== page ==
Brief Fact Summary. The Appellant, Robert Lalli (Appellant), seeking inheritance from his father, challenges the constitutionality of a New York statute requiring him to prove paternity, before the death of his father.
Synopsis of Rule of Law. State laws classifying children on legitimacy must be substantially related to the important state interest the statute is intended to promote.
Thus, a number of problems arise that counsel against treating illegitimate children identically to all other heirs of an intestate father.View Full Point of Law
Issue. Whether the New York law requiring illegitimate children to provide a particular form of proof of paternity, in order to inherit from their fathers, is unconstitutional.
Held. No. The New York requirement for illegitimate children who would inherit from their fathers is substantially related to the important state interests that the statute intended to promote. The judgment of the Court of Appeals is affirmed.
The main goal of the statute “is to provide for just and orderly disposition of property at death.” This goal has been recognized as an important state interest.
Proof of paternity becomes more difficult after the father’s death. Therefore, the state also expressed an important interest in preventing “fraudulent claims of heirship and harassing litigation instituted by those seeking to establish themselves as illegitimate heirs.”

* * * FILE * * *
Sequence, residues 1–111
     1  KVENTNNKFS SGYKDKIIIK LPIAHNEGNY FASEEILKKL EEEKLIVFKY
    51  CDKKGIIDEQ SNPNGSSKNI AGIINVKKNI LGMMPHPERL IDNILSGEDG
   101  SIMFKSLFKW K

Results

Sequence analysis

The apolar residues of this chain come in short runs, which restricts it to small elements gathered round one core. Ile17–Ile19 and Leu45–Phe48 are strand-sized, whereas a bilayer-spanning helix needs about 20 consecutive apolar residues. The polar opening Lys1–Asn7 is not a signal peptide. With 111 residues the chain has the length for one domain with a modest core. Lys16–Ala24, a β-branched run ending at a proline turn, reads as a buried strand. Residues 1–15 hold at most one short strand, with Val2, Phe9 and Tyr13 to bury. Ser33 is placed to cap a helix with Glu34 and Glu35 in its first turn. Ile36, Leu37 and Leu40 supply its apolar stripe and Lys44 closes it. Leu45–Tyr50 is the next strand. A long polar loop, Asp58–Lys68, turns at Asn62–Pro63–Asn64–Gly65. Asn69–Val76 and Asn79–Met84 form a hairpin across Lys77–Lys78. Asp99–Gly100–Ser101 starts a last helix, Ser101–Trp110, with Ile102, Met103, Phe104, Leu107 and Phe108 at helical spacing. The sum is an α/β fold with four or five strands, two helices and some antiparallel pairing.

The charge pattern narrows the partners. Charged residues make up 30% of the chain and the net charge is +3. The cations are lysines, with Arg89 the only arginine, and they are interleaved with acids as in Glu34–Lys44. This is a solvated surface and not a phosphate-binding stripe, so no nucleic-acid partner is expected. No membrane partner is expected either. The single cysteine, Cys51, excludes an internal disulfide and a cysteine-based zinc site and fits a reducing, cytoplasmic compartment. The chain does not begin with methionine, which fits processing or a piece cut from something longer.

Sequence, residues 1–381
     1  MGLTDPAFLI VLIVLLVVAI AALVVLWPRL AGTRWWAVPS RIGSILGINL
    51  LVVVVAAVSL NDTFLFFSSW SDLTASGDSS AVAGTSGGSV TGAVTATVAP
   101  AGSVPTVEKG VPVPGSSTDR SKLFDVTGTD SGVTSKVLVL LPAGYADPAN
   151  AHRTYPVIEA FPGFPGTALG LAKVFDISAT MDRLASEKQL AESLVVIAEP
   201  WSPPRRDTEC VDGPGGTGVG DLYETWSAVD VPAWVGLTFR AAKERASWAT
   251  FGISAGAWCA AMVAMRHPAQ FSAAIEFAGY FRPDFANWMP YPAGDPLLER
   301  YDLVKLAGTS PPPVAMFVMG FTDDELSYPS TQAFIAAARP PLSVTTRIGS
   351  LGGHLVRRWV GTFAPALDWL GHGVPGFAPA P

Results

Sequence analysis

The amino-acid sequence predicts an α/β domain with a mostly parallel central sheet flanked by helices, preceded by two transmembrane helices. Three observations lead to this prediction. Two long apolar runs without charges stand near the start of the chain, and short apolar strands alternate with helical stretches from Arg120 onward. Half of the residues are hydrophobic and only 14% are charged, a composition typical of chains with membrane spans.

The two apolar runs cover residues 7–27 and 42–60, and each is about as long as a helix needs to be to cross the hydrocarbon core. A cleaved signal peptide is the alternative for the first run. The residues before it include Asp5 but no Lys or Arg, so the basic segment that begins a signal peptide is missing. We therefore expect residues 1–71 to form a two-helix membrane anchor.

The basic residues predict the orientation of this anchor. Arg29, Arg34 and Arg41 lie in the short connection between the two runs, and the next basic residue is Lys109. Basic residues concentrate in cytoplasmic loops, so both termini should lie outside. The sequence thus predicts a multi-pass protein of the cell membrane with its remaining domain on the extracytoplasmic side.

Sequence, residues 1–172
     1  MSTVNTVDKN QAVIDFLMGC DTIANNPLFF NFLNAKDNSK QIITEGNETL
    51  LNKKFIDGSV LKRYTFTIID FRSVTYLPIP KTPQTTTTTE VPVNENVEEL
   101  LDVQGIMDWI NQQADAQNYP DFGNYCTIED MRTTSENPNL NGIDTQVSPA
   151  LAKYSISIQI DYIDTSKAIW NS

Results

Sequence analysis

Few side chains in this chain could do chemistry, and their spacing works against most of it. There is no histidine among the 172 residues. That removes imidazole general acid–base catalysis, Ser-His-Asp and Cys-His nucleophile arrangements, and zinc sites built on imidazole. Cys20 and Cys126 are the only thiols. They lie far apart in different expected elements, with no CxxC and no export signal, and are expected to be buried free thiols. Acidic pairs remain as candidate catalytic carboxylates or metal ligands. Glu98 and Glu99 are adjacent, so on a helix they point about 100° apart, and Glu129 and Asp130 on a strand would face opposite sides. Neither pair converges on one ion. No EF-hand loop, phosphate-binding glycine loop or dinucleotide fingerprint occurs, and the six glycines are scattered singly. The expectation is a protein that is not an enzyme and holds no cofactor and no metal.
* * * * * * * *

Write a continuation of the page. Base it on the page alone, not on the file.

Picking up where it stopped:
Dissent. Justice William Brennan (J. Brennan). The New York statute discriminates against illegitimate children “through means not substantially related to the legitimate interests that the state purports to promote . . . .”
Concurrence. The concurring opinions are as follows:
Justice Potter Stewart (J. Stewart). The ruling of the Supreme Court provides “authoritative guidance to the courts and legislatures of the several States.
Justice Harry Blackmun (J. Blackmun). Trimble v. Gordon, 430 U.S. 762 (1977), should have been overruled, not distinguished, by this decision.
Discussion. The Supreme Court illustrated that paternity suits are now classified among gender discrimination cases and require intermediate scrutiny requiring that the statutory classification be substantially related to an important governmental objective.